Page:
- Tribes, Western states and oil industry groups are closely watching a fuel-tax case involving Yakama treaty rights.
Washington state stands to lose hundreds of millions of dollars in fuel tax revenue and possibly more if a state Supreme Court decision involving fuel brought to the Yakama Reservation is allowed to stand.
It's an issue that is likely to go to the U.S. Supreme Court. Other states have joined the push to have the high court take up the case because it could impact them, and last week, the U.S. solicitor general, who the Supreme Court asked to weigh in, recommended they hear the case to clear up conflicting rulings.
While the states and federal government are concerned about trade implications, the case is being closely watched by tribes due to its potential to bolster or weaken treaty rights.
The case, Washington State Department of Licensing v. Cougar Den, centers on whether an 1855 treaty, signed with the confederated tribes and bands that would become the Yakama Nation, protects a Yakama member-owned fuel distributor from a 2007 state fuel tax. The treaty promises "the right, in common with citizens of the United States, to travel upon all public highways."
The question is whether Cougar Den, a Yakama fuel distributor licensed in Oregon that buys gas there tax free to transport to the reservation in Washington, should be subject to the Washington state fuel tax, which applies to the wholesale of gas.
While Cougar Den argues their travel to get the fuel to the reservation shouldn't be taxed, Washington argues the tax isn't levied on the use of the highways, which is what the treaty intended to protect, but on the ownership of fuel.
After previous court rulings held that states can't tax gas sold at stations on reservations, states were told they could move the tax further up the supply chain and off reservations.
So the Washington State Legislature created a tax on the first wholesale owner of fuel. In state, the refinery or bulk tank owner selling the fuel is the one who pays the tax, but for fuel coming in from out of state, whoever owns the fuel in state lines first has to pay the tax.
When the state tried to fine Cougar Den $3.6 million in 2013 for failing to get an importer's license or pay taxes on the fuel, the business pushed back, first getting a favorable ruling in an administrative review, then again at Yakima Superior Court and the state Supreme Court, all of which interpreted the treaty in favor of the business and tribe.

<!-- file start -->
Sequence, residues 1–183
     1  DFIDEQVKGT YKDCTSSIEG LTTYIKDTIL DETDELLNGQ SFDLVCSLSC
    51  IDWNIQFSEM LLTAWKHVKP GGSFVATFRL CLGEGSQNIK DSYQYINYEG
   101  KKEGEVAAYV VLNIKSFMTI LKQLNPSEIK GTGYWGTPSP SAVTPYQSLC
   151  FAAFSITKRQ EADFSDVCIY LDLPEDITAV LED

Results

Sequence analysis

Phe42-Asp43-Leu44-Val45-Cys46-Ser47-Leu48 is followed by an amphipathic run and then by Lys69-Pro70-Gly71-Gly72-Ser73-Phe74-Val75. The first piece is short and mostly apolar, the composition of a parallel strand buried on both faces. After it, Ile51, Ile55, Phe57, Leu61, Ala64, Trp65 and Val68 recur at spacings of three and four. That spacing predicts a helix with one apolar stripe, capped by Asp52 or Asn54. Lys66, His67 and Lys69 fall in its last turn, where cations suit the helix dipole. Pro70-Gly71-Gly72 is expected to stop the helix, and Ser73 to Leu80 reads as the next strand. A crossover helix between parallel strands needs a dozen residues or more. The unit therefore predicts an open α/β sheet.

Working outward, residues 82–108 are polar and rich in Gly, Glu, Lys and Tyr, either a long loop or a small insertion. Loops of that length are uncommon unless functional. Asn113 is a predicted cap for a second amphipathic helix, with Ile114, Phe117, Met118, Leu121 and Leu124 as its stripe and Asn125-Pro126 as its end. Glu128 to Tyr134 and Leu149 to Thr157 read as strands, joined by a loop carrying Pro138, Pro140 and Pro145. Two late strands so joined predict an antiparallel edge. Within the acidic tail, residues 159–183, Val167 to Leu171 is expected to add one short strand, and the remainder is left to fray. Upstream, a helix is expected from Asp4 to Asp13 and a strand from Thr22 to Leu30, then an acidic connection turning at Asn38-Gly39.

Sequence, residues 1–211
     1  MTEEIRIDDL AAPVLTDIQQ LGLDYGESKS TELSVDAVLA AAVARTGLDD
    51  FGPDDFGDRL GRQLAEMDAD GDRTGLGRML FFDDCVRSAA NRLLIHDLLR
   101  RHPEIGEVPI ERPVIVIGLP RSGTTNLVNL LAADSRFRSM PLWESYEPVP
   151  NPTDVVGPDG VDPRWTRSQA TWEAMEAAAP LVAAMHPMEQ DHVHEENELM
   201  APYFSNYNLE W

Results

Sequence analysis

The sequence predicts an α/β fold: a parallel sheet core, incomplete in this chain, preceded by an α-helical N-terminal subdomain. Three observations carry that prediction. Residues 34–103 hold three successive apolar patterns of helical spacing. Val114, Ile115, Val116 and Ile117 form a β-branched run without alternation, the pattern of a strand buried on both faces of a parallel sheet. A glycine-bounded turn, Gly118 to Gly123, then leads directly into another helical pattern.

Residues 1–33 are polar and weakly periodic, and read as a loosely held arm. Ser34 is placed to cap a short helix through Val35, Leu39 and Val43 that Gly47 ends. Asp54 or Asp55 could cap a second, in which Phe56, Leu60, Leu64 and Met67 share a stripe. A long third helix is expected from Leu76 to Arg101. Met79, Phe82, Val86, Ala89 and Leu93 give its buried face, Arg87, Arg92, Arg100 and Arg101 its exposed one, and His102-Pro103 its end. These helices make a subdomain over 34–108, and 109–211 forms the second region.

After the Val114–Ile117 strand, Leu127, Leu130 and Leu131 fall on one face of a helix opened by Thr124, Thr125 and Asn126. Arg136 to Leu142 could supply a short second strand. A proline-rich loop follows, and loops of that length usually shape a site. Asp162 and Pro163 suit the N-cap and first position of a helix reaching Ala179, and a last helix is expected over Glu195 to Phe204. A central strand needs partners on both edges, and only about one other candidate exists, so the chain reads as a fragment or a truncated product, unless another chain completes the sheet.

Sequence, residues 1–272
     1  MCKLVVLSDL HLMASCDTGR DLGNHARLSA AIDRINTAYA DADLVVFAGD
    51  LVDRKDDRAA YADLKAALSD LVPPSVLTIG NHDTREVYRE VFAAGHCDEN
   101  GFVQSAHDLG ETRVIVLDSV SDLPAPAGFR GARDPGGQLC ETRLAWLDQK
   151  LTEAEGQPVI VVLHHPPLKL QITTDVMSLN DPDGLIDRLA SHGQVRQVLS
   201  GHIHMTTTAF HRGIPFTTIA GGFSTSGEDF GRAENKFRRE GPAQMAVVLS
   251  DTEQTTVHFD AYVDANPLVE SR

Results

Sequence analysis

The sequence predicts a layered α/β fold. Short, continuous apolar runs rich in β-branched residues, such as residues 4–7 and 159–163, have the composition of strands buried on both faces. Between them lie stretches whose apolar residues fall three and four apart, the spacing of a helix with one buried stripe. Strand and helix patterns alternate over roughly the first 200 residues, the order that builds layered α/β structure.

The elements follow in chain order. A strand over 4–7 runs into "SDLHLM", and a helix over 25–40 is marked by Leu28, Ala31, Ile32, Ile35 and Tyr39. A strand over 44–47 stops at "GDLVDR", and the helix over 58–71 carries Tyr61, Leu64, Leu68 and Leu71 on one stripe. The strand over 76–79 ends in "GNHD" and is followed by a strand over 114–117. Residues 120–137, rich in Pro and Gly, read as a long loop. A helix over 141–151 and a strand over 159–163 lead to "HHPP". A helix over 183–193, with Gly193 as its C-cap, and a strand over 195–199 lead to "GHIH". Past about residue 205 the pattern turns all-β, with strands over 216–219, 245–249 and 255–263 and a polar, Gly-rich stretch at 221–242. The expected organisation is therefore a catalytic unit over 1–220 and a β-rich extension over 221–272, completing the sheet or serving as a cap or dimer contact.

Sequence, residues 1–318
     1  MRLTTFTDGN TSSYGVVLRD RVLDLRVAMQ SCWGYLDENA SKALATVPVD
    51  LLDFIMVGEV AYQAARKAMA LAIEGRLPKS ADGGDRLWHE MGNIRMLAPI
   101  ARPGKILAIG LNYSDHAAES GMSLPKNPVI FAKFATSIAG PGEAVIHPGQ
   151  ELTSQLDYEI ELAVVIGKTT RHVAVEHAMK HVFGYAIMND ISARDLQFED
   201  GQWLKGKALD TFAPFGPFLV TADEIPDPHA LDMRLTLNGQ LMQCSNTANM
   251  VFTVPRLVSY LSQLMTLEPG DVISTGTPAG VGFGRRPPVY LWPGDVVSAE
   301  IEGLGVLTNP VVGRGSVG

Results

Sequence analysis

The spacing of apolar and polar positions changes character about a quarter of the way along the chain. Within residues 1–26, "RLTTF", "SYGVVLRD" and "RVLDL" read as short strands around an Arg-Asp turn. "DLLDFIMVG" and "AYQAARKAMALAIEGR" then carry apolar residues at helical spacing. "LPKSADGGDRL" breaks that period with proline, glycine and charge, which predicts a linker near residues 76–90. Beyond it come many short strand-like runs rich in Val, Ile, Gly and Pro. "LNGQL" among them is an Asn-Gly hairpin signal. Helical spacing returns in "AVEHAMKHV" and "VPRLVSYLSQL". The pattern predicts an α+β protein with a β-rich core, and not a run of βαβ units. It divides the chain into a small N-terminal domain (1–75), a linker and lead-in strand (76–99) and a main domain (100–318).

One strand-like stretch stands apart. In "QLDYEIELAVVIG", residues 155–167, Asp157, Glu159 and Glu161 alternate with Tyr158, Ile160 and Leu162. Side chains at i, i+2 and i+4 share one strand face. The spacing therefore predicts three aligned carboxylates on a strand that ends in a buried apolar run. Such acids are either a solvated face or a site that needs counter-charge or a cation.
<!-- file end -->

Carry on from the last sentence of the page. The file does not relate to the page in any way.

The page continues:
In its March 2017 ruling, Washington's Supreme Court held "that the right to travel provision in the treaty protects the tribe's historical practice of using the roads to engage in trade and commerce."
That broad interpretation has brought a lot of interest in the case, especially from states where similar fuel taxes are levied or where tribes, including the Nez Perce, signed a similarly worded treaty. Idaho, Kansas, and Wyoming are a few who support Washington's stance, and oil industry organizations in Washington have also raised concerns about being put at a disadvantage.
Washington state's attorney general has asked the U.S. Supreme Court to take up the case, arguing in part that the state ruling contradicts other higher court rulings that found members of tribes are subject to nondiscriminatory state taxes and laws when they go off the reservation, unless federal law says otherwise.
"The ruling will cost Washington hundreds of millions of dollars in fuel tax revenue and means that whether any other state tax — including cigarette taxes — is preempted as to the Yakama will now depend primarily on whether the tax is challenged in state or federal court," the state's petition reads. "No state should face this dilemma."
Idaho and other states argue that since the wording of the treaty says "all public highways," the decision could have far-reaching impact on trade carried out by the tribes whose treaties carry that language.
But Cougar Den's attorneys argue the Supreme Court should let the state ruling stand as the case is not one of national importance, only applying to three tribes whose treaties use the specific language.
"This case is another chapter in the petitioner's long campaign to maximize revenue by infringing on treaty rights," the brief opposed to the court taking the case states. "If Washington state wishes to lawfully tax fuel consumption by non-Indians, without placing the incidence of the tax on tribal retailers selling on reservation or otherwise violating treaty rights, it has adequate resources to do so and can amend its statutes accordingly, as it has done in the past. Unless and until Congress amends the treaty promises at issue here, the department must abide by them." ♦